A sequential reference montage can be used to allow interhemisphere comparison if this is desirable. When it is useful, a montage might involve the left temporal electrodes with reference to the right ear, followed by the right temporal electrodes referenced to the left ear. Comparable electrodes from the two sides are further apart on the page, making comparison of very subtle differences more difficult, but the montage allows left-to-right comparison at any point in time at which the possible abnormalities appear. Such a “hemisphere sequence” is generally more valuable with bipolar montages than with reference, but it has its value with both types of recording.
One of the earliest and one of the staunchest advocates of monopolar recording was F. A. Gibbs (Gibbs and Gibbs, 1952, 1964). Some of the arguments for different electrode placement and the use of monopolar montages have been reviewed (Gibbs and Gibbs, 1984). In his various writings, Gibbs points out that many patterns are well delineated and were first seen on monopolar montages. These include sleep patterns, the 14/6 positive spike, and many of the specific seizure patterns. In contrast, Gibbs believes that bipolar montages number among their disadvantages the tendencies to (a) reduce voltages sometimes to the vanishing point and create complex waveforms, (b) make it difficult to recognize a “true” electrical sign, and (c) create out-of-phase relations that are hard to distinguish from true physiological out-of-phase voltages (Gibbs and Gibbs, 1964). False phase reversals are also created by involvement of the reference electrode and may be equally deceptive and require confirmation or elaboration by the use of bipolar techniques (Reilly and Seward, 1980).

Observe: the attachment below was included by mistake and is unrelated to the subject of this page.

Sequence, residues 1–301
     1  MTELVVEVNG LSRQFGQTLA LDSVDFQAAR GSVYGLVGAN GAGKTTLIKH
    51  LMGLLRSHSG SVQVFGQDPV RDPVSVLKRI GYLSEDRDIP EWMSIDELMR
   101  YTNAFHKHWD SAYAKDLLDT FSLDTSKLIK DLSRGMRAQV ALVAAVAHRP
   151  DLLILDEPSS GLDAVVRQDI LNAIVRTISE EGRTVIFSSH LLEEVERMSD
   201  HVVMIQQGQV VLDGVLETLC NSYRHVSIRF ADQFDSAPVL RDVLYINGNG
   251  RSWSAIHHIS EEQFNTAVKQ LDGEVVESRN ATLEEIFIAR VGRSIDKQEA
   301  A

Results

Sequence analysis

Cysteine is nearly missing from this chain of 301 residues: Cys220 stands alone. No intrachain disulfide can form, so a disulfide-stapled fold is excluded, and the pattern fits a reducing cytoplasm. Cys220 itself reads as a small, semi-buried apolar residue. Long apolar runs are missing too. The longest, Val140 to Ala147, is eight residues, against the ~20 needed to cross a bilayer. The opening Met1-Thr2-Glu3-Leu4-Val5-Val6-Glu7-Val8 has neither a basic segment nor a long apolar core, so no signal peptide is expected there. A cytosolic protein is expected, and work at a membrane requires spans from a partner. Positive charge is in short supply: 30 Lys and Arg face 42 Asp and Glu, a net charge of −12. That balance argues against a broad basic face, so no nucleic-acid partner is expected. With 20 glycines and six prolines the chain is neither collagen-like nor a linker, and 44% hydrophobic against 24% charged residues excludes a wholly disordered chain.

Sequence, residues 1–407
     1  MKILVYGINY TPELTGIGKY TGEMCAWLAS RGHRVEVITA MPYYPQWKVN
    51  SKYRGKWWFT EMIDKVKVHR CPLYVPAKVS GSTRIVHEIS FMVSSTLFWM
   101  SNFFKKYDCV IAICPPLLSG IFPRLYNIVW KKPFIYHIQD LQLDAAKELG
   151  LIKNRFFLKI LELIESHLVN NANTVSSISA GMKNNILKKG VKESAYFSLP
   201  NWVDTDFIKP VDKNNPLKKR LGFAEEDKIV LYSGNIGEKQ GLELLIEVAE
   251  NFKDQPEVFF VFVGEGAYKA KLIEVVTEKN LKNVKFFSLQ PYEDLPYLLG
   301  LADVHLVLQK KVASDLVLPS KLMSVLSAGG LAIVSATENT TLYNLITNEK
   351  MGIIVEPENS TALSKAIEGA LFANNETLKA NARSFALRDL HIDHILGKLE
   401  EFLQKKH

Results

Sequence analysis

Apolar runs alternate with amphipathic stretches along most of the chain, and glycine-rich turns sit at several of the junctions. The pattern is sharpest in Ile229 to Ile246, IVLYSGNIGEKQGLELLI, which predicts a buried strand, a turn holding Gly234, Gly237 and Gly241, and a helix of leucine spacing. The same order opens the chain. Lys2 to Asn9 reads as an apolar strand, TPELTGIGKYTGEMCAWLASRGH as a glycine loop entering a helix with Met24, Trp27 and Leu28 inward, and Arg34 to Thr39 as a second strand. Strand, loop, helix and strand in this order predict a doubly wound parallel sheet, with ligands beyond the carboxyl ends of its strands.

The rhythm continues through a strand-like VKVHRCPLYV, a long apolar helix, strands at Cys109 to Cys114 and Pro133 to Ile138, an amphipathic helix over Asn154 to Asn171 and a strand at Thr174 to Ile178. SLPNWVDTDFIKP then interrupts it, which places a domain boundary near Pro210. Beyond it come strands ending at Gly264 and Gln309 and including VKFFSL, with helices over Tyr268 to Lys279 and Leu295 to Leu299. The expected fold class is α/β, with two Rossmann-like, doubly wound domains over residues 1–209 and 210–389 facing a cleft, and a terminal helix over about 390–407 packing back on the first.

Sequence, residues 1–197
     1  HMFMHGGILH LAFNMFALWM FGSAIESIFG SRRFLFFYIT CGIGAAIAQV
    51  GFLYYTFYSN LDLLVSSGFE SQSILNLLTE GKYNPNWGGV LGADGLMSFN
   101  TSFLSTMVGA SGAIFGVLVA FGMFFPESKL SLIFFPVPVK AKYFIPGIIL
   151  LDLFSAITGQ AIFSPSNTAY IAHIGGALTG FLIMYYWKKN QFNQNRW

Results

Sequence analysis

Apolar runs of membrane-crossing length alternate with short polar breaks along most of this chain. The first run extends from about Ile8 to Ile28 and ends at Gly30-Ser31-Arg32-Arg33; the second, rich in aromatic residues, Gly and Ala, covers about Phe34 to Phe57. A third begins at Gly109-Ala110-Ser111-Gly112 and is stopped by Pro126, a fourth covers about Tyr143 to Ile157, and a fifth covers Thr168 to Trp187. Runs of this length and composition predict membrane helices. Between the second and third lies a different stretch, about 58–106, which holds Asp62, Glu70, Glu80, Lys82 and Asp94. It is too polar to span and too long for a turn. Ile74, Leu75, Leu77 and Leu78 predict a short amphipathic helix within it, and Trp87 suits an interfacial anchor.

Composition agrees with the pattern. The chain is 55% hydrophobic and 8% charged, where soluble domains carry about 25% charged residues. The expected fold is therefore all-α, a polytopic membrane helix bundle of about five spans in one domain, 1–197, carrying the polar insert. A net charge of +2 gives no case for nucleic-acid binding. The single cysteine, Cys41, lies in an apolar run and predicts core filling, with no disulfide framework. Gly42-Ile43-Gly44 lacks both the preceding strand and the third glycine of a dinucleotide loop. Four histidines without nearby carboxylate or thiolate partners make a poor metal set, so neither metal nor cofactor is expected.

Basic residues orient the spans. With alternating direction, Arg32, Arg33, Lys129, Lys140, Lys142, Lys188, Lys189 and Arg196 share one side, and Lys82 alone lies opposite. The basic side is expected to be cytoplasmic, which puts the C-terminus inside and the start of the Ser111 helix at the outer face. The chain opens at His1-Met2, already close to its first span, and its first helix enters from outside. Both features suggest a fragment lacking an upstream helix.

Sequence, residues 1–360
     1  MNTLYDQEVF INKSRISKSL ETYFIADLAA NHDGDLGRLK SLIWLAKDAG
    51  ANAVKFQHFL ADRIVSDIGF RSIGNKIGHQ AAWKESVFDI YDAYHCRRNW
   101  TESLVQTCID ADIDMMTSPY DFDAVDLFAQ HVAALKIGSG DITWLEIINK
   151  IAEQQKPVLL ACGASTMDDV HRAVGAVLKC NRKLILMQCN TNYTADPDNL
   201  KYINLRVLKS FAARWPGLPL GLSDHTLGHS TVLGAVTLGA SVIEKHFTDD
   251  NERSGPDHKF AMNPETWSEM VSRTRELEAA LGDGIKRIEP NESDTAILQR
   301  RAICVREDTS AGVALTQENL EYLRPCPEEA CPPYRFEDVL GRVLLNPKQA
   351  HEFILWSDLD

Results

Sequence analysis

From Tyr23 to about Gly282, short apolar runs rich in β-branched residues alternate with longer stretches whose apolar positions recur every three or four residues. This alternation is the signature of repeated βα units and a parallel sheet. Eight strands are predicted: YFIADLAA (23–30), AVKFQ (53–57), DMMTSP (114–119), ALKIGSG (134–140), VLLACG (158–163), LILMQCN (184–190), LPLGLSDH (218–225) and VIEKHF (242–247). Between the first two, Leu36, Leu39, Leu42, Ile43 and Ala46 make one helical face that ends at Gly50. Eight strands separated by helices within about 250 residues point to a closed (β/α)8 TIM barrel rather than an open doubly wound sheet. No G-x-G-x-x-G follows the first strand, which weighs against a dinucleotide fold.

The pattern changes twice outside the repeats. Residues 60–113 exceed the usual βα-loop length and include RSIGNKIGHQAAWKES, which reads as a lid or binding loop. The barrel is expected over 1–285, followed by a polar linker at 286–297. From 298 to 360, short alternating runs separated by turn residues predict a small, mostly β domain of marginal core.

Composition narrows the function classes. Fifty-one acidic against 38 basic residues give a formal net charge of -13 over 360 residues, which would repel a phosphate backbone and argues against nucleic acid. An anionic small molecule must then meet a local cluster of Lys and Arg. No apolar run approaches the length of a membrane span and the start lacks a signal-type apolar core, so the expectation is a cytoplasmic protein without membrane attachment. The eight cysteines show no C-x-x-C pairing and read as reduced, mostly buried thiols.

One of the arguments for the theory that the earlobe electrode, or the two shorted together, makes a neutral reference is that it is, at times, relatively devoid of cortical activity. Unfortunately, one of the major sources of dysfunction and intermittent waves of high voltage is the temporal region, from which such activity is easily reflected in the earlobe electrode. In epileptics, temporal lobe abnormality may be present in as many as 70% of the patients; thus one or both earlobes can be “contaminated” in patients in whom the documentation and understanding of intermittent activity is quite important.
In an attempt to avoid the use of the earlobe electrodes in such patients, a balanced noncephalic electrode was developed by putting one electrode over the right sternoclavicular junction and another on the spine of the first thoracic vertebra. These electrodes are connected together through a 20,000-ohm variable resistor that can be changed in its resistance until the electrocardiogram is virtually canceled (Stephenson and Gibbs, 1949).